My Best E-Books
by Rosie Goldsmith

It’s that ‘Best Books Of The Year’ time again. Everyone who is Anyone in the Literary World is revealing their favorite reads of 2014. These lists are both exciting and depressing: all those books I’ve missed! All those books still to read! So, I’m going to depress and excite you too by revealing my best ‘E-books’ – ‘E’ for ‘European’ of course. As chair of ‘European Literature Night’ and director of the ‘European Literature Network’ in the UK, I was asked by ‘The Bookseller’ magazine (to whom many thanks) to name my top five contemporary novels in translation. Here goes.

I’ve always loved a big fat page-turning novel and it came as quite a shock to me as a teenager to discover that many of my favorite reads were actually in translation – surely Anna Karenina and Madame Bovary were written in English? My excitement at uncovering the truth  – that there is a vast treasure trove of translated fiction out there for me to plunder – pushed me in the direction of university studies in literature and modern languages, then later into a career as foreign affairs and arts journalist with the BBC. And every time I travel abroad for work I set myself a task – to read a contemporary novel from that country. It can tell me more about its current affairs than any travel guide.

When I was a student, the choice was mainly ‘the classics of foreign fiction’ but today, thanks to a series of happy events – including the opening up of post-Berlin Wall East European publishing and the work of small publishers in the UK – we can read the best of modern foreign fiction hot off the press, not decades after it was written. Here are my 5 favorite ‘foreigners’.

The Mussel Feast by Birgit Vanderbeke (Peirene Press; German; translation Jamie Bulloch) German is one of ‘my’ languages and even before this novella appeared in English in 2013 I knew it was already famous in Germany. It’s an East German family saga, written and set in Berlin round the time of the fall of the Berlin Wall (25 years ago this November). Funny and fluid, short and bittersweet, a dream translation. So what happens? A mother and her two teenage children sit waiting. On the dinner table is a large pot of cooked mussels which she has carefully prepared, meant as a celebration of the father’s probable promotion. But the hours pass and he does not return. Through the daughter’s stream-of-consciousness-narration, we realise this is a very unhappy family.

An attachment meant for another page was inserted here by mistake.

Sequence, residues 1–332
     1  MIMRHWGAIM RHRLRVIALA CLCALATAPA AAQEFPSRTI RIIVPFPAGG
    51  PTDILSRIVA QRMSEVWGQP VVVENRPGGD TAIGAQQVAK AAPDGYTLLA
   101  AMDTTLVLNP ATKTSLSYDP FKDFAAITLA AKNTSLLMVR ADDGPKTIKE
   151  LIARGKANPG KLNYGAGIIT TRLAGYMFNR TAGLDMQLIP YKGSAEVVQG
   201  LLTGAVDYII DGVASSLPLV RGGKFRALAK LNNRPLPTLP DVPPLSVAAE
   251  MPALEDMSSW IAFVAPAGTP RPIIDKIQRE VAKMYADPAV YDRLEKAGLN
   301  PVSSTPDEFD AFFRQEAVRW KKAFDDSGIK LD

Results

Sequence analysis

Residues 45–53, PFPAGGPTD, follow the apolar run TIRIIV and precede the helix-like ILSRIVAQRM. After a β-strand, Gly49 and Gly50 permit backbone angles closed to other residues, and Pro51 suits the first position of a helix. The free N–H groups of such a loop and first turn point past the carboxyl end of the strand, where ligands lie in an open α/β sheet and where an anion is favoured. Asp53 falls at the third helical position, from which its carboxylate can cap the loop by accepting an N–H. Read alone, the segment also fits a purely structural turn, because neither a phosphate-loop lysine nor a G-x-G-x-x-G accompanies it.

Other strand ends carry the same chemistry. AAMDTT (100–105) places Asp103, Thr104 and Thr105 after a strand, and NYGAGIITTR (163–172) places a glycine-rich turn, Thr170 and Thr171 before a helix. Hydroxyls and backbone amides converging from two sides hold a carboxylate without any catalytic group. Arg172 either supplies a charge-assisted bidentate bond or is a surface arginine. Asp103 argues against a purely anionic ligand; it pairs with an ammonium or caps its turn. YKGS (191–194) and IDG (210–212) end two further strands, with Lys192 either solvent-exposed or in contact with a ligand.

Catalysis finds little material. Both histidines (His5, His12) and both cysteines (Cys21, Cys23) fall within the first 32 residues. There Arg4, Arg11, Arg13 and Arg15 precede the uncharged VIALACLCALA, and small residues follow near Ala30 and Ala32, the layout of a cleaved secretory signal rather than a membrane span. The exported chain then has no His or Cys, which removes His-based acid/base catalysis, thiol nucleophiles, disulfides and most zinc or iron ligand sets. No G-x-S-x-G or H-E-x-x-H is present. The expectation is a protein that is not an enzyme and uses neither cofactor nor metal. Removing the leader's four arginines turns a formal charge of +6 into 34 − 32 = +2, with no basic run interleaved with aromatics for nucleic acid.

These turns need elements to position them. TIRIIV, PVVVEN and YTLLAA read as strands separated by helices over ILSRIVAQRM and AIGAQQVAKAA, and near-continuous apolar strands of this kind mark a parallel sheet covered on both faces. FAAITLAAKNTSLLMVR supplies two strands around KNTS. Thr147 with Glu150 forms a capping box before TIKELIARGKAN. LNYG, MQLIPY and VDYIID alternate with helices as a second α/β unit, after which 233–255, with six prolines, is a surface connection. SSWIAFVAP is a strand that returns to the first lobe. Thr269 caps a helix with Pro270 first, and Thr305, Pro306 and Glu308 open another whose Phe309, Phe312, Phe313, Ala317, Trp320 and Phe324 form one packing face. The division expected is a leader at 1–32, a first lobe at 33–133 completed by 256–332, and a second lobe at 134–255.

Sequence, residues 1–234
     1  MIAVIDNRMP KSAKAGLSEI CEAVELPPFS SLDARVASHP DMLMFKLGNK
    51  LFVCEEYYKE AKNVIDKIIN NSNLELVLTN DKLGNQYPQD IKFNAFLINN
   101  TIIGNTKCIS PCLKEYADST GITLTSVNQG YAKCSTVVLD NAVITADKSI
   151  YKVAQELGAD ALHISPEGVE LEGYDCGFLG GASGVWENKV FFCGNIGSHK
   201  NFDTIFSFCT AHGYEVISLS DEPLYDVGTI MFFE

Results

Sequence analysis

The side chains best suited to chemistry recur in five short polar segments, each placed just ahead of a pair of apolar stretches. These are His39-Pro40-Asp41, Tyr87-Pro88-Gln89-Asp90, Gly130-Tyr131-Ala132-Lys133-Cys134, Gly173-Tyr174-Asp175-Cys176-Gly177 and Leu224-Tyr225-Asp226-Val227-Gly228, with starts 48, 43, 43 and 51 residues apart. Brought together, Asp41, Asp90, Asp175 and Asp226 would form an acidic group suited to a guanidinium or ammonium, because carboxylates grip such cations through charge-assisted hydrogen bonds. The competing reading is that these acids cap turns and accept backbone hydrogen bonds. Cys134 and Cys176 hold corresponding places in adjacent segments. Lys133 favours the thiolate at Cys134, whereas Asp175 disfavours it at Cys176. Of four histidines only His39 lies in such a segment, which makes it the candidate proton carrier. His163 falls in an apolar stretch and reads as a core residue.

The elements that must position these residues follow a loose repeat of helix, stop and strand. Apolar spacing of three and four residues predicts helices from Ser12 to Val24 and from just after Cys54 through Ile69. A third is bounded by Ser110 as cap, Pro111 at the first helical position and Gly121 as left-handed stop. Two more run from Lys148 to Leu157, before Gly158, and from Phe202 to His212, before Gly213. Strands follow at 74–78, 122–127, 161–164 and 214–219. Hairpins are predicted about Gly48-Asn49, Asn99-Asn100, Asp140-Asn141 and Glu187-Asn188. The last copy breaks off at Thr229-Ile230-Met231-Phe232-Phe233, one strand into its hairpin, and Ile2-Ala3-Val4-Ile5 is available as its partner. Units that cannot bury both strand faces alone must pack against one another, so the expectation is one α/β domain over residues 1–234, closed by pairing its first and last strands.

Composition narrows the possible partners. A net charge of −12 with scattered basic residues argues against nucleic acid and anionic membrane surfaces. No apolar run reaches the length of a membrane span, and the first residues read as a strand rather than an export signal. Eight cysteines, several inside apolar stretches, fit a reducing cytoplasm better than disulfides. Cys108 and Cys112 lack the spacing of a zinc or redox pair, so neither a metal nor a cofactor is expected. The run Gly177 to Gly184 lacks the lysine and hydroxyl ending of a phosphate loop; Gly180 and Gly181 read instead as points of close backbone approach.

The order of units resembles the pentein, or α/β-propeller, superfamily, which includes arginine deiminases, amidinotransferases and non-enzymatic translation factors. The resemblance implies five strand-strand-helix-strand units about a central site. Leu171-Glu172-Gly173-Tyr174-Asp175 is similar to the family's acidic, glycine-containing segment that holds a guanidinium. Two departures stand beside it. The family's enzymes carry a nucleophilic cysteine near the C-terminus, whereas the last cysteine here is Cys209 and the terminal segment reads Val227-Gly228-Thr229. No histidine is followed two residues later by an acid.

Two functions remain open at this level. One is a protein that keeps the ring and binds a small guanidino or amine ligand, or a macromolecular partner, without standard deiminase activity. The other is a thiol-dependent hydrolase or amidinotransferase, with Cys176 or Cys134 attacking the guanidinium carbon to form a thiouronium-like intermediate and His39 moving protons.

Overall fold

New Finnish Grammar by Diego Marani (Dedalus; Italian; translation Judith Landry)Marani is another major, award-laden European novelist finally breaking through in English. The story is simple, the repercussions complicated. 1943; Trieste; Italy has just turned against its ally Germany; Pietri Friari is a doctor from Hamburg on a German hospital ship moored in Trieste harbour. He treats a young soldier so seriously wounded that he has lost his memory – his past, his language, his identity. All he has is a jacket bearing the name SAMPO KARJALAINEN. This leads the doctor, who is originally from Finland, to believe the man is Finnish. He helps him on the route ‘back home’ – or so he believes.

Marcel by Erwin Mortier (Pushkin Press; Dutch; translation Ina Rilke) I’ve long been a fan of Belgian writer Erwin Mortier. Several of his novels have been translated into English. Now Pushkin Press is republishing all of them and the first is Marcel, also Mortier’s first novel (1999). Family secrets, a rich evocation of the past, great characters, translation, and atmosphere set in a Flemish village. The grandmother of a 10-year-old boy fiercely guards the family secrets, keeping photographs of the family dead in a special cabinet. One photo is of Marcel, who died young, far away, and without a grave. What became of him? The little boy is determined to find out.

The President’s Hat by Antoine Laurain (Gallic Books; French; translation Gallic Books)One of the stars of this year’s European Literature Night at the British Library, Laurain has written 5 novels, had a career directing and writing films, and loves art and antiques. This all contributes to making this book flawless. It’s a funny, clever, feel-good social satire with the page-turning quality of a great detective novel. Set in Paris in the 1980s, President Mitterand mistakenly leaves his hat in a restaurant. The hat passes to 4 new ‘owners’, transforming their lives.

A Grain of Truth by Zygmunt Miloszewski (Bitter Lemon Press; Polish, translation Antonia Lloyd-Jones) Thanks to Stieg Larsson, crime now pays in Europe and the new post-communist era in Poland has produced some stunningly original writing and Polish noir. A Grain of Truth is part of a trilogy of topical crime novels by Miloszewski, a brilliant young writer and journalist. It features public prosecutor Teodor Szacki, a middle-aged, world-weary, witty, short-fused detective. In this one volume you get reflections on modern Poland, anti-Semitism, the history of the Jews in Poland, religion, technology, the media, politics, AND crime! What more do you want?!

Category: Other Blogs


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